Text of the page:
Experience faith, fun — and a deeper meaning of Christ’s birth
By Traci Smith | Presbyterians Today
I’ll never understand why poinsettias are 50% off in the store on Dec. 26. Why have we decided that their red and green glory is only half as valuable on that day as the day before? I’ve long had a soft spot for these poinsettias, throwing them in the cart after Christmas Day and rescuing them from church dumpsters. I keep them around as long as I can. The same is true of the Christmas lights, the tree and all of the decorations. Christmas isn’t over on Dec. 26.
In the Christian liturgical calendar, Christmas is celebrated from Dec. 25 until Jan. 6, the day of Epiphany. The days in between are what we call the 12 Days of Christmas. For many Presbyterians, though, the only connection we have to the 12 days of Christmas is the song about all of the things “my true love gave to me,” including the drummers drumming, the pipers piping, the golden rings and, of course, the partridge in a pear tree. “The Twelve Days of Christmas” song has a long and complicated history, with some historians citing that each “gift” represents some aspect of the Christian faith. Many, though, think the song was designed as a sort of game for singers to test memory and recall. It’s a fun song, to be sure, but what if the 12 days of Christmas meant much more than a song? What if we could allow these days of Christmas to be holy time to celebrate after the rest of society has decided to pack it up, discount it and move on to something else?
As a pastor and a parent, I’ve come to relish the 12 days of Christmas. Teaching my children that there are 12 days of Christmas allows me precious time to create and build family traditions after the hustle and bustle of Christmas Day. The busiest season of the church year is over, and now we have time and space to continue to celebrate Christ’s birth as a family — not late, but right on time. It’s during the 12 days of Christmas that we drive around and look at the lights, enjoy the nativity scene and sit around in our pajamas drinking hot chocolate.
If you’ve never had a “12 days of Christmas” practice before, I encourage you to give it a try this year. Consider Christmas Day to be the beginning of your celebration. Spend time not cleaning up and moving on, but lingering for a while in the holiness of Christ’s birth.
One of the things we do as a family is to hold back some of the gifts and give them to each other on the days between Dec. 25 and Jan. 6. Nobody has been given a turtledove or a French hen yet, but my children have been delighted to unwrap boxes of chocolate and Matchbox cars on those days. I daresay they’ve appreciated them more than they might have if they had been thrown under the tree with all the rest on Christmas morning.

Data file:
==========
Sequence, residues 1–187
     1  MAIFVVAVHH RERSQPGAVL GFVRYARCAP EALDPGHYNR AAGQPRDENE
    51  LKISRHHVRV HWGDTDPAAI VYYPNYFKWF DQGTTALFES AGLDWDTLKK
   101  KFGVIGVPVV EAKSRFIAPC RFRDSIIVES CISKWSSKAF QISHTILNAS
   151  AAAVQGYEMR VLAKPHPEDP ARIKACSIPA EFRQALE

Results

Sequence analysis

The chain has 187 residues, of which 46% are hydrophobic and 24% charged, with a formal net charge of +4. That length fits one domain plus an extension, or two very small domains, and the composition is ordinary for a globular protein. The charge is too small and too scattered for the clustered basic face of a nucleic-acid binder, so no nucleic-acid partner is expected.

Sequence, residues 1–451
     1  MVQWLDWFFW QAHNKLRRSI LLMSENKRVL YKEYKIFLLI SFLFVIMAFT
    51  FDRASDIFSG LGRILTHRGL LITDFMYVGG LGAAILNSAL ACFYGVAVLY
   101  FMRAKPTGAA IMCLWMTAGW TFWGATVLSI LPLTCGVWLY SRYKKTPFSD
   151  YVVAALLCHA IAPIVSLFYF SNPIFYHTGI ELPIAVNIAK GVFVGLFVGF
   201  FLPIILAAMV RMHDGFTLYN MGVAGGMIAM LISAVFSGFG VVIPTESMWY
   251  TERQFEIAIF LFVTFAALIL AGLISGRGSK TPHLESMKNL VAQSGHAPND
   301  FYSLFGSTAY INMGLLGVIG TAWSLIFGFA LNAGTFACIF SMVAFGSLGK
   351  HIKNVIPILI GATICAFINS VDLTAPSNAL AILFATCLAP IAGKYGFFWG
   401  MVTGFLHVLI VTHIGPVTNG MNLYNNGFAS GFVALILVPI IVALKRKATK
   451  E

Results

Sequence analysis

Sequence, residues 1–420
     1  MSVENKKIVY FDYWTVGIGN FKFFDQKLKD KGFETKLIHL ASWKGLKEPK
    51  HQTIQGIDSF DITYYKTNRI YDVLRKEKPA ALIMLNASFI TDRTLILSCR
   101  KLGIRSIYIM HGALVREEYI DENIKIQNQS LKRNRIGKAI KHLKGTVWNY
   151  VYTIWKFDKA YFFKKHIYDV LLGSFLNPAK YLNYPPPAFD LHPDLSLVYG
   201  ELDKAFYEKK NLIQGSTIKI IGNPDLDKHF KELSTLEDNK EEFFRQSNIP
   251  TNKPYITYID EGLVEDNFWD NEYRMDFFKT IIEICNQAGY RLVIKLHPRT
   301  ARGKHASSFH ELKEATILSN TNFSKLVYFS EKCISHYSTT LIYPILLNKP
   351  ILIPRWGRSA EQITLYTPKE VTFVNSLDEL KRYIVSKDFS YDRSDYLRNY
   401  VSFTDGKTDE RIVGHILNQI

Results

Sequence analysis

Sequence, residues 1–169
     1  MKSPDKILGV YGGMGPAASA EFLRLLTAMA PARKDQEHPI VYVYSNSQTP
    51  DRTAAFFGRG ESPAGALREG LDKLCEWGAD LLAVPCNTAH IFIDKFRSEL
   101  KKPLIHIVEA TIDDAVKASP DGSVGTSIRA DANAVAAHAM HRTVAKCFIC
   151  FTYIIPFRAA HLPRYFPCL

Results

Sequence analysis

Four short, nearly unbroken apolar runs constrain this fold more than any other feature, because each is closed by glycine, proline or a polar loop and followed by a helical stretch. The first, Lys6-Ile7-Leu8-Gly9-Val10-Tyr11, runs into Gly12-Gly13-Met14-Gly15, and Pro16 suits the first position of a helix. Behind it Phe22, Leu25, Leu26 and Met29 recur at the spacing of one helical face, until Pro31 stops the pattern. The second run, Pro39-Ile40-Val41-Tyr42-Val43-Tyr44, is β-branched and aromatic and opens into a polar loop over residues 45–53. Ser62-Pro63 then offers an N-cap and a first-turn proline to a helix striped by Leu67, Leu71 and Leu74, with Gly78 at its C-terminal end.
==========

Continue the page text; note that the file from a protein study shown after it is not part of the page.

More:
Little trinkets sprinkled throughout the 12 days of Christmas are reminders that each gift we give is precious. Most precious, of course, are the nonmaterial gifts we share during these days — time to enjoy God’s blessing of family and friendship, and the Advent gifts of hope, peace, joy and love. Making Christmas a season will give yourself and your family the gift of time and reflection. You might even find a poinsettia or two, discarded by others, to bring Christmas joy into your home.
Traci Smith is a PC(USA) pastor and author of three books on faith and family. Her latest book is “Faithful Families for Advent and Christmas: 100 Ways to Make the Season Sacred.” Learn more at traci-smith.com
Tips for Living liturgically
- Celebrate the season with a “12 Days of Christmas Togetherness Challenge,” where your family decides on something special to do together each day during the 12 days of Christmas.
- Throughout the season of Advent, make a list of all of the Christmas activities you’d like to do, such as driving around to see Christmas lights, watching Christmas movies or making Christmas cookies. Do one of the activities on each of the 12 days of Christmas, rather than trying to cram them all in during Advent.
- Surprise a neighbor with a homemade treat or gift on one of the days of Christmas and delight them with a card that reads “Happy First Day of Christmas … Happy Second Day of Christmas” and so forth.
- For an extra challenge, give gifts to 12 people.